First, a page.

In our day, many consider truth to be malleable (like the presidential counselor who coined the phrase “alternative facts”). This is one result of postmodernism’s creep into every crevice of our society. But that doesn’t make it okay to play fast and loose with facts—especially for us who follow the one who calls himself the Truth. It doesn’t excuse laziness in vetting information before passing it along. In fact, it means we ought to be more careful than ever. People are wary of the spin. They know they’re constantly being marketed to. If we’re careless with the facts we present, people may see us as untrustworthy and be less likely to listen to the gospel we want to share.
Use the one fact we know
Yes, we need to be careful about the facts . . . but not so cautious that we avoid conversations for fear of saying the wrong thing. Remember, the sacrifice of the Savior who never once spoke falsely atones for all the times we have done so, even if unintentionally. His resurrection guarantees forgiveness for our imagined need to prop up his gospel with feeble facts. Moreover, that same Savior gives us his Word of truth, with which we can navigate this whole issue of facts without fear. Trusting in that Word, we can look for—even patiently wait for—opportunities to unleash its power.
We have an objective standard like none other. We have a Scripture that “cannot be broken” (John 10:35 CSB). This means that we can compare anything we hear to what God has already said. If it contradicts his truth in any way, we know we need not be influenced by it, no matter what “authority” decrees it. If what we hear is not in conflict with Scripture, we can consider it. We’re cautious, of course. We use our God-given reason and resources to evaluate it. But we need not be afraid of it nor enthralled by it.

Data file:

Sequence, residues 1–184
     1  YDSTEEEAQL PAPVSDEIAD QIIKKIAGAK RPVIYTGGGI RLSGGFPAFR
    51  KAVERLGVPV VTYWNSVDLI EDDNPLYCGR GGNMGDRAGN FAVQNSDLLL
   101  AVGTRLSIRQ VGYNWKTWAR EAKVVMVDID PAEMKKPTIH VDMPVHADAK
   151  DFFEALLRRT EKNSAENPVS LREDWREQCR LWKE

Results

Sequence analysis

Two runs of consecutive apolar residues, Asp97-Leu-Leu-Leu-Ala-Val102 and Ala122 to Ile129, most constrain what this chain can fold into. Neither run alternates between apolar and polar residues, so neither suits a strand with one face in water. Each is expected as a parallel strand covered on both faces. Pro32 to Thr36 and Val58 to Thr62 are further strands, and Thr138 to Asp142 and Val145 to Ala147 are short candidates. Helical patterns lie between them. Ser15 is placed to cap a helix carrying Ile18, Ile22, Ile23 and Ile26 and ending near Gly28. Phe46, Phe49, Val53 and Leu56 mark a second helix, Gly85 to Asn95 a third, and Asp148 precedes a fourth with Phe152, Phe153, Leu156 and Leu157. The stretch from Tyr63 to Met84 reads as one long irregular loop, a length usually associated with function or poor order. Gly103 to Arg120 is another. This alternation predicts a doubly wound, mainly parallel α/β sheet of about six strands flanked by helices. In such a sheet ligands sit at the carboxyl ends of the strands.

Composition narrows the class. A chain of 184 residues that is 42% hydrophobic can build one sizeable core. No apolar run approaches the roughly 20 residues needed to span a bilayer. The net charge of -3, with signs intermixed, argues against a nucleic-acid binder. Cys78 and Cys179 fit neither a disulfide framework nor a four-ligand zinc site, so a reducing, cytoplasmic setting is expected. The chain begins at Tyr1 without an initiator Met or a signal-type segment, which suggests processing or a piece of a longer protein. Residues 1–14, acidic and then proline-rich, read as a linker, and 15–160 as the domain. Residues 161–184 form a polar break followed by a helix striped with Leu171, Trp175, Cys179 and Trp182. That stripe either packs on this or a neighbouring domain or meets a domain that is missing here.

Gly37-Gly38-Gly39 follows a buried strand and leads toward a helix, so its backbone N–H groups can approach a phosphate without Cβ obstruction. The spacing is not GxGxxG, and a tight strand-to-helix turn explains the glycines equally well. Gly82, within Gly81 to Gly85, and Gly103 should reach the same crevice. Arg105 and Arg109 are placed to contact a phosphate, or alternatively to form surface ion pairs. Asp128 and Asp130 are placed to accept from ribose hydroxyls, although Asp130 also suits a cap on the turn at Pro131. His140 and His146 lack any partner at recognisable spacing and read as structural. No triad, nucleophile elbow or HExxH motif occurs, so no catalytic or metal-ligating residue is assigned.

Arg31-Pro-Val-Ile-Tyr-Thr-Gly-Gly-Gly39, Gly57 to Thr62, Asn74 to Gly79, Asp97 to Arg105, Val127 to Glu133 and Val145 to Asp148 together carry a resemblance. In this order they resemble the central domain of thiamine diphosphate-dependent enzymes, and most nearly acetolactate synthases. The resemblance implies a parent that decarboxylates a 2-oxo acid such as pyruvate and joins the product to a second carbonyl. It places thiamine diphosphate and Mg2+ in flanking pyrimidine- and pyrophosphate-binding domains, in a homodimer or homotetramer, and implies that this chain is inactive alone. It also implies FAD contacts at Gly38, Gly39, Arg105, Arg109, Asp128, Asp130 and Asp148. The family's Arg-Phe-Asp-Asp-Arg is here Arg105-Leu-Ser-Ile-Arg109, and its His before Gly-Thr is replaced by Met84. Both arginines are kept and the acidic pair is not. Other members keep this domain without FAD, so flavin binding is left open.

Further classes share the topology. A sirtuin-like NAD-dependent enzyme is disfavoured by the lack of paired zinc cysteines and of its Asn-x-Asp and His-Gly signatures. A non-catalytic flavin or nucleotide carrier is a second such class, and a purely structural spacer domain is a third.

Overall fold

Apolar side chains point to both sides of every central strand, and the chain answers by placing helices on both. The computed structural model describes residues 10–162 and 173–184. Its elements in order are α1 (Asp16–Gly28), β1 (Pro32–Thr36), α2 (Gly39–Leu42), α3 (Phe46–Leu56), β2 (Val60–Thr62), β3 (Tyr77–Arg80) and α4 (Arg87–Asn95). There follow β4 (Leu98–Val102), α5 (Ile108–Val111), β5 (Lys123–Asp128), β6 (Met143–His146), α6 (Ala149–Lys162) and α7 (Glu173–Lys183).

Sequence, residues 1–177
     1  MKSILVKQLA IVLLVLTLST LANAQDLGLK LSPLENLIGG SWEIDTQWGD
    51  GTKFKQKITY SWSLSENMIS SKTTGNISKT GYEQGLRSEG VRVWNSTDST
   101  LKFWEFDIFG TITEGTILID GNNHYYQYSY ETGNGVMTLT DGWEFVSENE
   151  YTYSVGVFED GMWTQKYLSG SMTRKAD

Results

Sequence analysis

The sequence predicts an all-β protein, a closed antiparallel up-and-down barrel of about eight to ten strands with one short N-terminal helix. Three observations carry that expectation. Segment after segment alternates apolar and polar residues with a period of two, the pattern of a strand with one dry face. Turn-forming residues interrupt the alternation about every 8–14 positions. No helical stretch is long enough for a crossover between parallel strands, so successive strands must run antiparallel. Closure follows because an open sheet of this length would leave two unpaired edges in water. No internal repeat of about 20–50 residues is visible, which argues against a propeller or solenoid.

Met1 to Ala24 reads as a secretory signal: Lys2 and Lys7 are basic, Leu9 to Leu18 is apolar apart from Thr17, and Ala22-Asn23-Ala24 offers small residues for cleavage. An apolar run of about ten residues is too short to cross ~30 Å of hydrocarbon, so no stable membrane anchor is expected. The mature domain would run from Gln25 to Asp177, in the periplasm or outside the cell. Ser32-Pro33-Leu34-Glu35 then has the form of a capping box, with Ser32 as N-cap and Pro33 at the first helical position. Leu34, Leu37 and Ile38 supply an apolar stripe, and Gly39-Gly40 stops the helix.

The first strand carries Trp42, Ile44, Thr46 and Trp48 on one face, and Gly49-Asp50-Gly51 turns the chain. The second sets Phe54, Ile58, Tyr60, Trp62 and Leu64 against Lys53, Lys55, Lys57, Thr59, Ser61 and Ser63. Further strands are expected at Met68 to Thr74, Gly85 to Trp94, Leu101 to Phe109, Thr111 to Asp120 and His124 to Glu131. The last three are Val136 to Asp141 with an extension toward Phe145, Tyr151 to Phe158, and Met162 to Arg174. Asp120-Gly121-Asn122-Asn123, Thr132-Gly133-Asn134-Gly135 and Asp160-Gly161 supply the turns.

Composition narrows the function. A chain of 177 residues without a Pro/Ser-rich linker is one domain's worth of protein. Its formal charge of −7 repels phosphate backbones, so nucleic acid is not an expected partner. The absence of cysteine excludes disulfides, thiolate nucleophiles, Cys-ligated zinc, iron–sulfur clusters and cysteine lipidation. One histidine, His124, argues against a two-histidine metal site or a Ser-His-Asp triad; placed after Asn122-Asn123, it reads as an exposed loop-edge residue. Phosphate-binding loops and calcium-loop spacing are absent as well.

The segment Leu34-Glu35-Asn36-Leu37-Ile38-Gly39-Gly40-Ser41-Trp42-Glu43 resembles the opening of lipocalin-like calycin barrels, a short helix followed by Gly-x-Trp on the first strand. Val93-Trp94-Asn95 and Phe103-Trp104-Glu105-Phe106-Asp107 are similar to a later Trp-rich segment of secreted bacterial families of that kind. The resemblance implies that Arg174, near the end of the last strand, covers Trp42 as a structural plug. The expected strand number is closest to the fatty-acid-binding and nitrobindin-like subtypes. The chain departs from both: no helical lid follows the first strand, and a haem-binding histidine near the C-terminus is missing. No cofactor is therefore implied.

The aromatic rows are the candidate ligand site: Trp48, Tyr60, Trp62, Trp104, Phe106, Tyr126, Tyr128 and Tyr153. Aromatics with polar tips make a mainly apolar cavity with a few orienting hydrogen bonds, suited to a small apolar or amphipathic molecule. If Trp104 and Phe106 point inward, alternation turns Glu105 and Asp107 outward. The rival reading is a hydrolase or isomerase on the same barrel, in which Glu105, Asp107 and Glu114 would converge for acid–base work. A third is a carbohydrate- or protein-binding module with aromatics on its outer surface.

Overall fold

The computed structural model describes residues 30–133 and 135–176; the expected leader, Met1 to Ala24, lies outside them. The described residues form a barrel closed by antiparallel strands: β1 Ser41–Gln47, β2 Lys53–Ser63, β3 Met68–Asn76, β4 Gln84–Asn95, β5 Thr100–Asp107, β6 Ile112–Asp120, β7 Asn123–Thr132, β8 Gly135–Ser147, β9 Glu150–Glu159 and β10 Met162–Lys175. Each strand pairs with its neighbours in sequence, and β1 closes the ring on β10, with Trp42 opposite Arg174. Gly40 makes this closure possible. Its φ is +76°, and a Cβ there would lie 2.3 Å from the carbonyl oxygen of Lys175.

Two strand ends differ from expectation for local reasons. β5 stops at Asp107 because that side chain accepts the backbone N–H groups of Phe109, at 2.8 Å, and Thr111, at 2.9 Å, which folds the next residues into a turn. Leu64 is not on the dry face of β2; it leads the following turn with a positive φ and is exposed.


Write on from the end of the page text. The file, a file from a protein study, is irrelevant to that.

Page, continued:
Furthermore, our Spirit-worked confidence in the inspired Word frees us from the need to latch onto any extra-biblical facts that seem to support our message. We don’t have to search for science that backs up our belief in a six-day creation or a global flood. We aren’t waiting for the latest archaeological finds to confirm that what God said happened or for studies that show God’s commandments are good. These kinds of facts can be valuable for starting or prolonging conversations with skeptics. But our witness in no way depends on them. God’s truth stands on its own. The gospel is God’s power to change hearts. Jesus died and rose for us—you can never go wrong with that fact!
Unlike me in the hardware store, many people in this world don’t know what they’re really looking for. We have it—eternal salvation in Jesus—and want to help them find it. That desire to share the truth heightens our concern for truth in everything we say.
Samuel Degner, a professor at Wisconsin Lutheran Seminary, Mequon, Wisconsin, is a member at Christ Alone, Thiensville, Wisconsin.
This is the tenth article in a 12-part series on sharing your faith.
What’s your story? How have you shared Jesus? Every encounter is different, and we want to hear from you. To whom in your life did you reach out? How did you respond to a know-it-all? E-mail responses to firstname.lastname@example.org with the subject line: “How I shared Jesus.” Include your name, congregation, and contact information. Questions? Call 414-256-3231.
Do you have a manuscript, idea, or story from your own life you’d like to share for use in Forward in Christ or on wels.net? Use our online form to share it to our editorial office for consideration.
Get inspirational stories, spiritual help, and synod news from Forward in Christ every month. Print and digital subscriptions are available from Northwestern Publishing House.
Author: Samuel C. Degner
Volume 106, Number 8
Issue: August 2019
Copyrighted by WELS Forward in Christ © 2019
Forward in Christ grants permission for any original article (not a reprint) to be printed for use in a WELS church, school, or organization, provided that it is distributed free and indicate Forward in Christ as the source. Images may not be reproduced except in the context of its article. Contact us